Of­ten, a par­tic­u­lar apart­ment will ac­tu­ally com­prise sev­eral parts – for ex­am­ple, a garage or park­ing place or a stor­age locker in ad­di­tion to the apart­ment it­self. In such cases, each of those sep­a­rate sec­tions (or lots) will have its own pro­por­tion of the own­er­ship at­trib­uted to it.

There is, in­evitably, a rel­e­vance in these own­er­ship pro­por­tions when it comes to shar­ing the cost

of main­te­nance, land­scap­ing, light­ing and so on. There should, there­fore, be an ab­so­lutely fair dis­tri­bu­tion of these costs.

Spe­cial parts In­deed, these cal­cu­la­tions can be even more com­plex: where apart­ments are grouped, for ex­am­ple, in a num­ber of blocks, it may be the case that some costs can be at­trib­uted to cer­tain blocks and not oth­ers. You may not be that en­thu­si­as­tic about be­ing asked to pay for a new roof on Block B if you own in Block A. If you live on the ground floor, would you nec­es­sar­ily want to con­trib­ute to the cost of main­te­nance of the lift? To cover such in­stances, there may also be a sep­a­rate at­tri­bu­tion – a frac­tion known as the ‘spe­cial parts’, which will then be used to ap­por­tion these costs.

All of the above points may ap­pear a lit­tle ar­cane. A di­vi­sion of com­mon own­er­ship and con­se­quent ap­por­tion­ment of shares are, how­ever, rel­a­tively stan­dard for co-own­er­ship sit­u­a­tions. A full de­scrip­tion of each lot, in­clud­ing a clar­i­fi­ca­tion of the at­tri­bu­tion of all com­mon (and other) parts will be es­tab­lished in a doc­u­ment known as the Rè­gle­ment de Co­pro­priété – the co-own­er­ship rules. This set of rules is bind­ing on each owner. It will in­clude a def­i­ni­tion of the com­mon ar­eas, and the ex­tent of what is com­prised within the def­i­ni­tion of pri­vately owned sec­tions. The de­scrip­tions are very pre­cise, so that it will al­ways be pos­si­ble to as­cer­tain who may be re­spon­si­ble for main­te­nance of any spe­cific part.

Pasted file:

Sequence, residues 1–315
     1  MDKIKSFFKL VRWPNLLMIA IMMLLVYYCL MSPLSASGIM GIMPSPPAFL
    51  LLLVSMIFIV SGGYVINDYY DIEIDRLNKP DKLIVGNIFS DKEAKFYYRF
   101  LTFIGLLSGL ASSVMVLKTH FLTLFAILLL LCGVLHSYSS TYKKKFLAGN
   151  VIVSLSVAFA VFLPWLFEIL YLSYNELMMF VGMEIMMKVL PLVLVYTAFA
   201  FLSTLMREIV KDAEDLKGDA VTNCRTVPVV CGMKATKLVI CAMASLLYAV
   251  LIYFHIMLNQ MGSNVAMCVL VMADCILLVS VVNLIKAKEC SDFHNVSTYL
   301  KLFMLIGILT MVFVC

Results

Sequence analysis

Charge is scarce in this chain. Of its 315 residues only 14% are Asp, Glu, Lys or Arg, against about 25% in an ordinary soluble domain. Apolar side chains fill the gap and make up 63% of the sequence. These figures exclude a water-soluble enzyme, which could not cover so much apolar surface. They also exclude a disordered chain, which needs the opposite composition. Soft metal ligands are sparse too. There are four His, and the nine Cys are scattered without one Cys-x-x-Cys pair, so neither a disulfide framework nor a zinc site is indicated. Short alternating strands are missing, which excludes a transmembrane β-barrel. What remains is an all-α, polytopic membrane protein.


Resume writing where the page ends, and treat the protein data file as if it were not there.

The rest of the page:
The Rè­gle­ment de Co­pro­priété also lists a set of rules that will be bind­ing on every owner. The in­ten­tion is to im­pose obli­ga­tions that will al­low all own­ers to en­joy their own prop­erty with­out caus­ing any im­ped­i­ment or dis­tur­bance to other own­ers.

The syn­dic We have seen, then, that there are fairly de­tailed meth­ods of as­sess­ing how each owner is due to con­trib­ute to the over­all costs. The task of man­ag­ing the ex­pen­di­ture for the build­ing is con­ferred upon a man­ag­ing agent – the syn­dic. In gen­eral, this task will be ful­filled by an ex­ter­nal pro­fes­sional such as a lo­cal prop­erty agent.

The role is con­ferred at an An­nual Gen­eral Meet­ing of the co-own­ers, where the syn­dic will set a bud­get and will then be able to an­tic­i­pate what each owner will have to pay. It is the syn­dic’s task to col­lect the an­nual pay­ments.

Each owner will be en­ti­tled to sub­mit agenda items in ad­vance of an AGM, which are then con­sid­ered by all own­ers and put to a vote. That could in­clude, for ex­am­ple, works that may af­fect com­mon ar­eas, and so on. In some re­spects, co-own­er­ship may there­fore ap­pear rather bur­den­some on an ad­min­is­tra­tive level. Cer­tainly, there is a fair amount of ex­tra doc­u­men­ta­tion to con­sider when buy­ing a prop­erty sub­ject to a co­pro­priété. How­ever, it is hope­fully of some re­as­sur­ance to know that such ar­range­ments are strictly con­trolled by French leg­is­la­tion, so an apart­ment owner should be suit­ably pro­tected.

In­evitably, it is pru­dent to in­struct an in­de­pen­dent solic­i­tor to re­view all of the rel­e­vant doc­u­men­ta­tion be­fore en­ter­ing into an apart­ment pur­chase.

In a French co-own­er­ship model, each owner owns their apart­ment ab­so­lutely, to­gether with a pro­por­tion of the build­ing and the land on which it sits